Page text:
So unbearable was the sound I’d excuse myself from the table saying I needed the loo, hoping that by the time I got back she would have finished eating
During my teens, my irritation became even more pronounced around my beloved dad. He chewed with his mouth slightly open, making a smacking sound, which prompted my feelings of rage. I felt so guilty, and the only way I could think to cope was to repeat the loo trick.
My mum tried to talk to me about my behaviour in private, saying the noises weren’t that bad and couldn’t I just ignore them?
I tried, but Dad knew he was the source of my irritation and whenever I sighed or harrumphed at the dinner table he looked hurt, like a whipped dog. We never spoke of it, but I felt guilty and to think of it now pains me greatly as I loved him dearly. But the sounds he made drove me crazy.
Lynne said she once had to get off the bus a stop early to escape the sounds of a woman chewing crackers from her bag (file image)
Nuts at Christmas were the worst. And I would have to make a sharp exit when the crisps came out. As I grew older, outside the home, public transport became the next major trigger. The sight of someone on a train loaded up with snacks was enough to prompt me to move seats.
One time on a London bus, I was sitting next to a woman who got out a packet of crackers from her bag and began to eat them with gusto. The noise of her open-mouthed chewing made me feel so angry I thought I was going to explode and had to get off the bus a stop early to escape.
Planes are the worst. Most anxious fliers worry about crashing, but I panic about whether the person next to me will be eating nuts as it’s hard to move seats. I wear ear-plugs, but they only block out some of the sound.
Though I have had relationships, I have never married and am now single. It’s a prerequisite that any man in my life has to be a silent eater.
I could never go out with a cruncher or a slurper. Trying to watch a film while someone munches through a bucket of popcorn has ruined many dates.
About a year ago, I was in a restaurant with a man I was dating when I heard another diner sniffing loudly between every mouthful and making one hell of a noise eating. I couldn’t relax, and my partner became embarrassed, muttering ‘for God’s sake’ every time I tutted at the noisy diner.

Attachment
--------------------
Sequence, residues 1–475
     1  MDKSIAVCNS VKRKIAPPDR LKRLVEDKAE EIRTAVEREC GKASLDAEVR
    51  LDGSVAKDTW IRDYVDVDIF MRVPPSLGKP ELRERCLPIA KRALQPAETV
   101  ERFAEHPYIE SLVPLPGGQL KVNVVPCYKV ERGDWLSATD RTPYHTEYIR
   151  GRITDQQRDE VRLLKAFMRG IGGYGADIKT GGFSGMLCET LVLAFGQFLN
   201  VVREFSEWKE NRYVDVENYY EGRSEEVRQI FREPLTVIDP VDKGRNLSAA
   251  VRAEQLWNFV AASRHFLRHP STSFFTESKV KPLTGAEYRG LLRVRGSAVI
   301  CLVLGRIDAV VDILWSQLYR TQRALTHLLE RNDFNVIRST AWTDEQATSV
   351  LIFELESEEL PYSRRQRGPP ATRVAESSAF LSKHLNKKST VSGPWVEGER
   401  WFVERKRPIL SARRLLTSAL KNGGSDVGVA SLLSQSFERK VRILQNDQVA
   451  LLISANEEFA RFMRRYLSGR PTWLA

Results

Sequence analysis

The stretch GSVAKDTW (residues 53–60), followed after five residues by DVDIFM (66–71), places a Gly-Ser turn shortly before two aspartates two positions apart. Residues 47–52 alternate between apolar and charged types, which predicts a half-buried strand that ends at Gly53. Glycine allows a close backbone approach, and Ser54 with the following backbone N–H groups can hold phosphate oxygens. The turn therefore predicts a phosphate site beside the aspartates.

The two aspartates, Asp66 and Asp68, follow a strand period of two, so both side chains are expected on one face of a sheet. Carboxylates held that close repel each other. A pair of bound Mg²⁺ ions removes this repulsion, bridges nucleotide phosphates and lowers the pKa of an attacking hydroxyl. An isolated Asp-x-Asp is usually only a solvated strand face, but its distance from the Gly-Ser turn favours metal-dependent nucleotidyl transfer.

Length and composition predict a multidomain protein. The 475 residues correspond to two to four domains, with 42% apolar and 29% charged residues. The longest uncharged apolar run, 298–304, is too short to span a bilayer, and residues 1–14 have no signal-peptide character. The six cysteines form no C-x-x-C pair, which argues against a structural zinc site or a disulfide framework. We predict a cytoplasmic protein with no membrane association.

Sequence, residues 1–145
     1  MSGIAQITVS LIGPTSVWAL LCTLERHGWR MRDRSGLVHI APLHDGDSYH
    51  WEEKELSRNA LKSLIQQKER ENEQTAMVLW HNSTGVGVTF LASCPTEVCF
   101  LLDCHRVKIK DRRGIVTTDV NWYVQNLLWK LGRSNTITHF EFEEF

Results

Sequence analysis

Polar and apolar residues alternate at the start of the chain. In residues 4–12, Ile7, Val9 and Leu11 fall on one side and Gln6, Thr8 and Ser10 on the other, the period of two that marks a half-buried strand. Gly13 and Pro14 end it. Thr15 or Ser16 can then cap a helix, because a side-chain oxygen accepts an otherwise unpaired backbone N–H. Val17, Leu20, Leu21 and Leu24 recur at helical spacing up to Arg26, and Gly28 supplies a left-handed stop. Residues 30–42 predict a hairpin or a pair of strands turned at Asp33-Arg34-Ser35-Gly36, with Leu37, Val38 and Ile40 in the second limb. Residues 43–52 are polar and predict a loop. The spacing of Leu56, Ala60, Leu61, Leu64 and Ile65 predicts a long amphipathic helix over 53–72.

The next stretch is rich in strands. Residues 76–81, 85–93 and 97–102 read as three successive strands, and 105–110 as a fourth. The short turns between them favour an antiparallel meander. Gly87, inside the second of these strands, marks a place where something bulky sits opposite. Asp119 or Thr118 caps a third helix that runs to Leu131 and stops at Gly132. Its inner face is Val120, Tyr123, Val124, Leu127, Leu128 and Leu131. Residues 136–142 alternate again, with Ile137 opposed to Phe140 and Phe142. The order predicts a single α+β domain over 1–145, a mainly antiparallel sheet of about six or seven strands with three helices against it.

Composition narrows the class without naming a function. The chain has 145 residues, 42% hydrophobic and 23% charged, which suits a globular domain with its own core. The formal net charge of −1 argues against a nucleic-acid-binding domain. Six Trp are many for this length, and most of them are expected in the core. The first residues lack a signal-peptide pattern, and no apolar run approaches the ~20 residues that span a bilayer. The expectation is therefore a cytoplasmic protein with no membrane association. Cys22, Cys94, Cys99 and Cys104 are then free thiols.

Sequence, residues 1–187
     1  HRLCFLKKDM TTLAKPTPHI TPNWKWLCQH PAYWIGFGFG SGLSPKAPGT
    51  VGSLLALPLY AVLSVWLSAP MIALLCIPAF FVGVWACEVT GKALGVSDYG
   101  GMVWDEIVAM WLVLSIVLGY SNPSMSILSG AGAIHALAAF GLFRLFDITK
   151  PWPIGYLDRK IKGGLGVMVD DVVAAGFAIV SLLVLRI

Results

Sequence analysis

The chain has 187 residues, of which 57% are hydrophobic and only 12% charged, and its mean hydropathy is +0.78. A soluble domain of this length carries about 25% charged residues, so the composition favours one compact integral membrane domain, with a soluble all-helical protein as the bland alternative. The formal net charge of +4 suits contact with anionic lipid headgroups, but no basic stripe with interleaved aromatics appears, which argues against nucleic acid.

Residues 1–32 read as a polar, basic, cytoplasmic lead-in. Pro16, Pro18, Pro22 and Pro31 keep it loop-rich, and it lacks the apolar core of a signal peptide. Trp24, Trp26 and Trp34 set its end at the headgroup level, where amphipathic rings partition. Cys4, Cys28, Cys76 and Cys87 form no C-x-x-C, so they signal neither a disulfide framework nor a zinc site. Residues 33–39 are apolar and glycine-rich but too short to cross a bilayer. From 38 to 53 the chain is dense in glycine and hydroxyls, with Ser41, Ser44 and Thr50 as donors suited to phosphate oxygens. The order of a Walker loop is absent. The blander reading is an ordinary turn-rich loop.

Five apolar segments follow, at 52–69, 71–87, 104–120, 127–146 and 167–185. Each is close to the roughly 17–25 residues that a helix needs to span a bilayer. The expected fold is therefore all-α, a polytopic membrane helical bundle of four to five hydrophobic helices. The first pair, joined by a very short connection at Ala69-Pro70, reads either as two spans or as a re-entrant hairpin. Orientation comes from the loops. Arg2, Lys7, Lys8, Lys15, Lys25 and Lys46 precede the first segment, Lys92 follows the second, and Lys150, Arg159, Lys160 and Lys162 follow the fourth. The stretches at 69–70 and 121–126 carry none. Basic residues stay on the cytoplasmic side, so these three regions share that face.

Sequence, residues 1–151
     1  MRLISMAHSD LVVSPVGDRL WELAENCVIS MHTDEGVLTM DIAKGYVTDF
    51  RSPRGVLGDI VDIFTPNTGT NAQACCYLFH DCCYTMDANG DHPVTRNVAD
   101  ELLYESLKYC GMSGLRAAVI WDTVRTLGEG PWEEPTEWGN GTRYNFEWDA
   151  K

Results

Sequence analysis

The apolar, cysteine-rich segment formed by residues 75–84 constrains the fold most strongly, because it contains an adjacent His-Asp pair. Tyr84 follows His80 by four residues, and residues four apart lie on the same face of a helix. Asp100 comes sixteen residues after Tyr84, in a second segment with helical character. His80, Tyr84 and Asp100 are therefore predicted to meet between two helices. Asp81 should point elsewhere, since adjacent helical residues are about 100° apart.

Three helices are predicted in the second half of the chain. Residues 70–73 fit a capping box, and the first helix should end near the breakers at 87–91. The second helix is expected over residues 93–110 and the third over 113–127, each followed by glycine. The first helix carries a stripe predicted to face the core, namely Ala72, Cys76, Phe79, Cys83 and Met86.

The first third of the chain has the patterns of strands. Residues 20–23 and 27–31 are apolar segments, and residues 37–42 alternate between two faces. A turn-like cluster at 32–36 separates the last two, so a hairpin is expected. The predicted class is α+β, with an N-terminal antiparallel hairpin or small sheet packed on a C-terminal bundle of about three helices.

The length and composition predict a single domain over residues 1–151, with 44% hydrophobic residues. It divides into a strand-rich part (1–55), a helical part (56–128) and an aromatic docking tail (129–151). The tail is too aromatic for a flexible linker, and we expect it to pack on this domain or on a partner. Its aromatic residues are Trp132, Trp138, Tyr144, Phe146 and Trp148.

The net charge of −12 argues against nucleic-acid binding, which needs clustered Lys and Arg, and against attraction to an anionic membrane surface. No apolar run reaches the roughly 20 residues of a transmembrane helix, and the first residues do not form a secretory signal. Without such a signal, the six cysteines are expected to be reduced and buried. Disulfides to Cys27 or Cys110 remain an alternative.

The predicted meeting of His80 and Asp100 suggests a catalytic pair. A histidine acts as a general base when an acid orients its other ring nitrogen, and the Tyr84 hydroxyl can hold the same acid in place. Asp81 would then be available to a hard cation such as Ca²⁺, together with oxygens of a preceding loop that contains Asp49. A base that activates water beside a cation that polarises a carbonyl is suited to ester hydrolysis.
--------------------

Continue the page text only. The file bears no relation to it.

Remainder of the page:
Lynne said she once worked for a man who ate his baguette so loudly, that she had to leave the office whenever he got his lunchbox out (file image)
At work, I’ve had to share offices with colleagues who snacked all day, crunching carrots in my ear and drinking coffee noisily, which I found difficult to cope with.
In another job, I worked for a man who ate his baguette so loudly with his mouth open, that I had to leave the office whenever he got his lunchbox out.
One friend I confided in said ‘Can’t you just zone it out?’.
The odd thing is, I don’t mind loud noises such as car engines, fireworks, or the roar of a motorbike. It’s those micro-sounds of eating and drinking, known as ‘orofacial’ noises, that get to me.
I’ve often wished that snack manufacturers would develop crunch-free crisps in rustle-free packaging, but that would still leave the soup and coffee slurpers, along with the open-mouthed sandwich eaters and the sniffers.
A few years ago, I began meditating and it has helped. I breathe deeply now when I feel irritated which quells the anger.
It’s reassuring to finally know that there is a name and possible treatment for my condition. In the meantime, perhaps it’s time to ditch public transport and use my car instead. How blissful to think of never having to swap seats on a train again.